• Raw cabbage retains more vitamin C and K. Light cooking boosts antioxidant levels. Both raw and cooked provide benefits.

  • Cooked cabbage may be easier for some rabbits to digest. Try giving a small amount of cooked cabbage to young or sensitive rabbits.

  • Avoid overcooking which can diminish nutrients. Cook just until cabbage is slightly softened but still has crunch.

  • To preserve the most nutrients, you can also try just microwaving cabbage for 20-30 seconds to take off the raw edge.

  • Chop cooked cabbage into pea sized pieces. Make sure it's cooled before serving to prevent burns.

  • For raw cabbage, shred it or use a food processor to chop it finely before giving it to a rabbit.

  • Introduce new foods including cooked cabbage slowly over several days. Monitor stool and appetite for any issues.

  • Raw cabbage can be higher in goitrogens – compounds which impact thyroid function. Cooking may reduce these.

In summary, the ideal approach is to feed both raw and cooked cabbage in moderation as part of a balanced diet. Adjust according to each rabbit's preferences and digestive health.

How Should I Introduce Cabbage To My Rabbit?

When introducing cabbage to a rabbit's diet for the first time, go slow to allow their digestive system time to adjust. Here are some tips:

  • Start with just 1-2 tiny pieces of cabbage at first, about the size of a dime.

  • Offer the cabbage pieces along with the rabbit's regular greens or hay so they don't fill up just on cabbage.

  • Watch to see if the rabbit likes the taste and is willing to eat the cabbage. If they ignore it at first, try again the next day.

  • Increase the amount of cabbage by a teaspoon or two each time you offer it. Build up gradually over a week.

  • Mix the cabbage in with other familiar vegetables and greens to make it less novel and alarming.

  • Make sure the rabbit is still eating plenty of hay and drinking water as usual when adding cabbage.

  • Look for signs of soft stools or digestive upset after trying cabbage. Stop giving it if diarrhea develops.

  • Only feed the new cabbage 2-3 times a week at first. Too much too fast can disrupt sensitive digestion.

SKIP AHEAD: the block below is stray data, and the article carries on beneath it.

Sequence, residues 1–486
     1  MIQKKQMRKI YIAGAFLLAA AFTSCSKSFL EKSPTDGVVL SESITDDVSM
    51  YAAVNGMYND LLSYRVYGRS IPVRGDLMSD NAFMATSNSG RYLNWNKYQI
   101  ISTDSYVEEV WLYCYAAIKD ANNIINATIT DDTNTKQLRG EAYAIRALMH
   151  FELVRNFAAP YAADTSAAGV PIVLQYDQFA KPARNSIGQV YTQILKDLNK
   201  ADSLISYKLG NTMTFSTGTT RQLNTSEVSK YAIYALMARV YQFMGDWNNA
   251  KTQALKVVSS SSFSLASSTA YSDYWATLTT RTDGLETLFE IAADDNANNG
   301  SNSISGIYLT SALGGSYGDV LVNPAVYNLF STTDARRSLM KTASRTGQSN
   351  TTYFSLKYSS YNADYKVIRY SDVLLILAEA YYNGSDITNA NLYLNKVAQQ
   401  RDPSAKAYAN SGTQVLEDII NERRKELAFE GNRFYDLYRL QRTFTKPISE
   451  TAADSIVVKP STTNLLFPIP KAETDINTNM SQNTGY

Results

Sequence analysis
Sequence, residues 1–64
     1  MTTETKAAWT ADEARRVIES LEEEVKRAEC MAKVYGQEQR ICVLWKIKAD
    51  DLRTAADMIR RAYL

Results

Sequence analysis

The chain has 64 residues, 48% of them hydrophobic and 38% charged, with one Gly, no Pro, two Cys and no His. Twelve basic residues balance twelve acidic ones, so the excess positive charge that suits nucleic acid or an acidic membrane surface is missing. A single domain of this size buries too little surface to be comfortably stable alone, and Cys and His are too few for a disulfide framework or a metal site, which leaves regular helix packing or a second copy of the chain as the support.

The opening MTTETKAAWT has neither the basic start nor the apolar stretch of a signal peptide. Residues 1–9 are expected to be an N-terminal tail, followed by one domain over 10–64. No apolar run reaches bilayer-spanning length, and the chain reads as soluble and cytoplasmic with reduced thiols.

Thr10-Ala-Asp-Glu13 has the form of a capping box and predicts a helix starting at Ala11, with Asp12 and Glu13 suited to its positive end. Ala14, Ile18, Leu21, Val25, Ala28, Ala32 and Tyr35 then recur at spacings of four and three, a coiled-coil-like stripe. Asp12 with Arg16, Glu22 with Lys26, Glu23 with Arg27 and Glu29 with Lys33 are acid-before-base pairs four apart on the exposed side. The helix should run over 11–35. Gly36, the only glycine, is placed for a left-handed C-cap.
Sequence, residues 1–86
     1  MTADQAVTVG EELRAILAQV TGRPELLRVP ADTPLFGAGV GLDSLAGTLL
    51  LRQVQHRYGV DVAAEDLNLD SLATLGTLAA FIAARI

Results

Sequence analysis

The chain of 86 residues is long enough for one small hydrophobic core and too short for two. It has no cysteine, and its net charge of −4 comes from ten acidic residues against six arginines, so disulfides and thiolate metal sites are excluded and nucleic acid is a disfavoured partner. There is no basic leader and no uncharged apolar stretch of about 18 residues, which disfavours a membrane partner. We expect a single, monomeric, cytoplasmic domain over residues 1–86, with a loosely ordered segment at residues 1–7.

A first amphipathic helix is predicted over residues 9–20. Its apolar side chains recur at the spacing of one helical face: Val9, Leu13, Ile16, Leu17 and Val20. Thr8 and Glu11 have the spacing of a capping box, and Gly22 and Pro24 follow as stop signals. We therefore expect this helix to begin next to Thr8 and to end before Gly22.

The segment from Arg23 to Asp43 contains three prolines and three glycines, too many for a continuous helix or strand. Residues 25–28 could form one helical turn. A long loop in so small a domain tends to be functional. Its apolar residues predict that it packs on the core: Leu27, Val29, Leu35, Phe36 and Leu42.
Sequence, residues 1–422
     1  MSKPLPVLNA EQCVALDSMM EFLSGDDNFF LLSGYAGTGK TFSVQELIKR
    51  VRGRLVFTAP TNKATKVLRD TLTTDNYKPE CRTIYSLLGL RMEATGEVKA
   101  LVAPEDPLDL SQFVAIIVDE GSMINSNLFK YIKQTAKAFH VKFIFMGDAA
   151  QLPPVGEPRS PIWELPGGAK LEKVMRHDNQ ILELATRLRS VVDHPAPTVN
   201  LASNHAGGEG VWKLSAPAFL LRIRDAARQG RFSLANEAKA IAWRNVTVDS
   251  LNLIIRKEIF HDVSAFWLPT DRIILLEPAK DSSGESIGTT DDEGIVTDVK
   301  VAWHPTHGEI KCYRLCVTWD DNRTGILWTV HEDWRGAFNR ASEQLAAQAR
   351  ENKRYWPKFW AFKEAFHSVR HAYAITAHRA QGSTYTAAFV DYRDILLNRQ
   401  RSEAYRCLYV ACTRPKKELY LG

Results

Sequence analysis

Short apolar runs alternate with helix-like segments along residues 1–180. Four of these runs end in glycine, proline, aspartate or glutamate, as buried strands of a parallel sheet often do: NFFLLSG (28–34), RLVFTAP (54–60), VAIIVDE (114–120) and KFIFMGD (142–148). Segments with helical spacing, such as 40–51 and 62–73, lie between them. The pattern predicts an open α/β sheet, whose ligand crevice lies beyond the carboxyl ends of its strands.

• Chop the cabbage pieces small to make it easier to chew and digest. Shredded pieces are ideal.

  • Young rabbits under 12 weeks old should not have cabbage due to their developing digestive tract.

  • Adult rabbits can start with 1 teaspoon of cabbage per 2 lbs of body weight 2-3 times a week.

Going slow with new foods gives the rabbit's gut flora time to adjust. Monitor stool health and watch for changes in appetite when adding cabbage. Stop immediately if any concerns arise.

Will My Rabbit Like Cabbage?

Many rabbits enjoy the taste of cabbage, but preferences vary between individual rabbits. Here are some factors that determine if a rabbit will like cabbage:

  • Breed – Certain breeds like Rex and Mini Lop rabbits tend to be more adventurous eaters and will readily try cabbage.

  • Age – Younger rabbits are usually more open to trying new vegetables. Older rabbits may be set in their ways.

  • Personality – Confident, curious rabbits are often more interested in new foods like cabbage versus shy rabbits.

  • Familiarity – Rabbits imprint on the foods they knew as youngsters. Introducing cabbage early helps increase acceptance.

  • Texture – Rabbits like the satisfying crunch of raw cabbage. Ensure it's chopped into bite-sized pieces.

  • Smell – Cabbage has a pungent aroma that can appeal to a rabbit's sensitive nose and entice them to taste it.

  • Taste – The mildly sweet, earthy flavor of cabbage is agreeable to most bunnies. Red cabbage tends to be more aromatic.

  • Health – Some rabbits with ongoing digestive issues may refuse new foods, including cabbage.

  • Competition – Make cabbage exciting by offering it alongside preferred veggies.

  • Persistence – It may take a few tries before a hesitant rabbit accepts cabbage as an edible snack.

Monitor your rabbit's reaction when you first introduce cabbage. Offer it on multiple occasions to give them a chance to overcome neophobia – fear of new foods. The vitamin C and fiber in cabbage make it a healthy addition, so be patient but persistent. In time, most rabbits will grow to relish this crunchy, leafy treat.


Leave a Comment